March Madness is upon us, and our televisions at home (and maybe even our computer monitors at work) are filled with college basketball players performing high-flying dunks, fast breaks, and storming the court in celebration of victory. Although your days of glory on the basketball court may be behind you, you can still incorporate healthy breathing techniques before and after your workout to improve your health.
Before you begin your fitness routine, make sure you’ve taken enough time to properly warm up. Warming up raises your body temperature and increases your blood circulation to your muscles. As your heart rate gradually increases and your muscles warm up, your ligaments and tendons become more flexible, thus decreasing the chance of tears and other injuries. A solid warm up also helps you prepare mentally for the workout ahead, giving you a chance to reduce any potential mental stress of a tough workout. Dynamic warm-up movements are preferable to static warm-up movements because dynamic stretching strengths muscles while static stretching weakens muscles.
An ideal warm-up begins with aerobic activity, like light jogging or shuffling in place, before moving on to dynamic stretches such as squats, lunges, straight-leg marching, and more. Athletes whose sports involve moving quickly in a variety of directions (like basketball, tennis, or soccer players) should make sure to do stretches that involve their entire bodies. Your heart rate and breathing should gradually increase over the course of the warm-up, prepping you to perform at a high level when you begin your workout.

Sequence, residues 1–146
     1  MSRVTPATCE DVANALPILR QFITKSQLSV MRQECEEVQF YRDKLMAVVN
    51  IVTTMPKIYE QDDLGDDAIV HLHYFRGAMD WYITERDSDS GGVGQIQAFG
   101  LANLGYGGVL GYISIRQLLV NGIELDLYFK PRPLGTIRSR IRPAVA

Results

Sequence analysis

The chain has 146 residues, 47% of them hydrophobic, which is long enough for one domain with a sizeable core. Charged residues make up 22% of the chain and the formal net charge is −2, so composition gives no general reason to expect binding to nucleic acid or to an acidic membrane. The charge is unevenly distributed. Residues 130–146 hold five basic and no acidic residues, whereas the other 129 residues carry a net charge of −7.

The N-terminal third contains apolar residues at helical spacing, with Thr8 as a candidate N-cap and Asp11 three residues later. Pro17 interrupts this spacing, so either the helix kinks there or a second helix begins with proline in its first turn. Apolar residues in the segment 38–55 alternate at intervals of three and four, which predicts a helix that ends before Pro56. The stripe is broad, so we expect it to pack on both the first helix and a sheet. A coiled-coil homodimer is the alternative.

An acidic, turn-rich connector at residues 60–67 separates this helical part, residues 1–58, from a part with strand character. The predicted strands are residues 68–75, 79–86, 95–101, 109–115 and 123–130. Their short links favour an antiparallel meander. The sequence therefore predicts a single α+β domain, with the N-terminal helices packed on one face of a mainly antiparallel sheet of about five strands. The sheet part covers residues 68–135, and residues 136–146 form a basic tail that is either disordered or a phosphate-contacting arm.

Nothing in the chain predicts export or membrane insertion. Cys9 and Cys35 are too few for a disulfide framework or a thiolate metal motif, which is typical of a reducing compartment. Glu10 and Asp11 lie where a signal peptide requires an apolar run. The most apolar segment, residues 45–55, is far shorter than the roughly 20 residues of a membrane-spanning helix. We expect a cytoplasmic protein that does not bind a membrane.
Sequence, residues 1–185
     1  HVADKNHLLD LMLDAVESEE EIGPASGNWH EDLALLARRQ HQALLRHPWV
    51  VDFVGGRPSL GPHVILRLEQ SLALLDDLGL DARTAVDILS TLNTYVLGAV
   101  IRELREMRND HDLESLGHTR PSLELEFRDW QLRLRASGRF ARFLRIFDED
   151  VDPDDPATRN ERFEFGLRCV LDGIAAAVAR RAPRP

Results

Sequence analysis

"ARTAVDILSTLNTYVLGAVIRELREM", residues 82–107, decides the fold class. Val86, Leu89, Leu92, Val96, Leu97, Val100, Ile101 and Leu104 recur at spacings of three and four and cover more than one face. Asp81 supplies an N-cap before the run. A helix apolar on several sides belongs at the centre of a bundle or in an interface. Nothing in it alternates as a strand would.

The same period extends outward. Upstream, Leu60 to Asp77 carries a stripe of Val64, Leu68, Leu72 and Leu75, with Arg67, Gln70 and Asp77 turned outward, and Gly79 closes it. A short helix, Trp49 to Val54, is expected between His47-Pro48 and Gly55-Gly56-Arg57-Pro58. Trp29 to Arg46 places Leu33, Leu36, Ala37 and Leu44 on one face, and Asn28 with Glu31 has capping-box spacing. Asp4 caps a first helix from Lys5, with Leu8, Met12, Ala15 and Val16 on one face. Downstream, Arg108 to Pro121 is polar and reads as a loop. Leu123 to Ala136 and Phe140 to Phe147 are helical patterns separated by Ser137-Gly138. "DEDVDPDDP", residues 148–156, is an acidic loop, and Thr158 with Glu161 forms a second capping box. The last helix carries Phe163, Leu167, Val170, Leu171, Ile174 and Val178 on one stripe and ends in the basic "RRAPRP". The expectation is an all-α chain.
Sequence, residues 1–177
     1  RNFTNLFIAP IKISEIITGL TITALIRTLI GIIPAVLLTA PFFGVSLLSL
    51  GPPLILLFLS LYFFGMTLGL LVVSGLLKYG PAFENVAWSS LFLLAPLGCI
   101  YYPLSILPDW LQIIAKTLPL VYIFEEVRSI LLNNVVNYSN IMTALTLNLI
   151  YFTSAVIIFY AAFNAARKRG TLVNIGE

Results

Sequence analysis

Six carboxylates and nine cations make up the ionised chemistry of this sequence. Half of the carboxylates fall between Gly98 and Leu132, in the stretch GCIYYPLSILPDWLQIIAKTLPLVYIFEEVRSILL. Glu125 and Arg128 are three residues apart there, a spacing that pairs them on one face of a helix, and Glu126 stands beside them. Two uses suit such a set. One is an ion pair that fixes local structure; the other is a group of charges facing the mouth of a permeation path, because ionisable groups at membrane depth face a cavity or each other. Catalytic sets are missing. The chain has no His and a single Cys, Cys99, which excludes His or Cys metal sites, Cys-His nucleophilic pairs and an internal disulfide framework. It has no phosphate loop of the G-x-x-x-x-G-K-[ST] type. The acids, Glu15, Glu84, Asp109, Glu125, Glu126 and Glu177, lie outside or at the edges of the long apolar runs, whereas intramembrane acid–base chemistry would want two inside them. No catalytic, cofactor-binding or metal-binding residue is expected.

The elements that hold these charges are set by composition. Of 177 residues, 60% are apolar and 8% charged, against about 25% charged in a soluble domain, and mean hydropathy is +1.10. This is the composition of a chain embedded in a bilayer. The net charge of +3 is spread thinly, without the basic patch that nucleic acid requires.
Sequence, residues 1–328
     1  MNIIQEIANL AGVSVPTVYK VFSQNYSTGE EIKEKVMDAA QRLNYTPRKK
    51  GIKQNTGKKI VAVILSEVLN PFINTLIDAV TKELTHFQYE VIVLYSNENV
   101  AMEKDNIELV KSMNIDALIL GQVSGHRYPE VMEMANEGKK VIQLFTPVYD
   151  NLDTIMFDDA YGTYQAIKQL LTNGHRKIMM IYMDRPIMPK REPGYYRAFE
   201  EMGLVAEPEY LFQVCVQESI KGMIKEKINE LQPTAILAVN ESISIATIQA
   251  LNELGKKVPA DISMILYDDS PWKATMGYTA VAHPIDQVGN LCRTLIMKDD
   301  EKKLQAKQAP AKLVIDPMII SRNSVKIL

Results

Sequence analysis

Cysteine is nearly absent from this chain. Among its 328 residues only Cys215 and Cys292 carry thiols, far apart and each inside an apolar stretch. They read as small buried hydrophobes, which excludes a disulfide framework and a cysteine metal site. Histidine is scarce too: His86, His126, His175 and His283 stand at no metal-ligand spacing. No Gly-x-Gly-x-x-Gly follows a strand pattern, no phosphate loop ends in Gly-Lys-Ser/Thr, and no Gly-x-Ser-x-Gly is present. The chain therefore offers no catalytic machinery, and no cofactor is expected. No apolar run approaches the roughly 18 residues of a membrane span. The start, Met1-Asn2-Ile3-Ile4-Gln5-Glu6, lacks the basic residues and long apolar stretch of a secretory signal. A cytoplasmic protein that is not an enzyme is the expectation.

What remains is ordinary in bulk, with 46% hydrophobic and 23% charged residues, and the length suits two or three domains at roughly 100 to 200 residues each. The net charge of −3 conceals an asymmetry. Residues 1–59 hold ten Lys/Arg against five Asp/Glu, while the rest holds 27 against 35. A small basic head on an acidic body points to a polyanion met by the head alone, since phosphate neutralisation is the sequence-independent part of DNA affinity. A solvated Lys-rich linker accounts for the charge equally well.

Healthy breathing post-workout lowers your heart rate safely and allows your muscles and body temperature to cool down from their elevated states. Your cool down routine should be a less strenuous version of your normal exercise to allow your heart rate to return to normal. Breathe through your nose, inhaling and exhaling deeply to humidify the air and prevent your lungs from constricting. It’s important to remain upright for the first part of your cool down so that your lungs can expand fully and regain their normal breath; immediately bending over or laying down could induce post-exercise asthma.
Incorporate static stretches such as touching your toes (while standing or sitting), standing on one leg and holding the opposite foot behind you to stretch your quadriceps, and standing with your feet apart and alternating bending forward to touch one foot and then the other.
Regardless of what type of exercise you’re doing, make sure to warm up and cool down in a place with high quality air so that you get the most out of your workout. An indoor air purifier and humidifier ensures that clean oxygen can easily pass through your lungs and optimize your circulation for a safe yet heart-racing workout- and the buzzer-beater you’ll cheer for afterwards.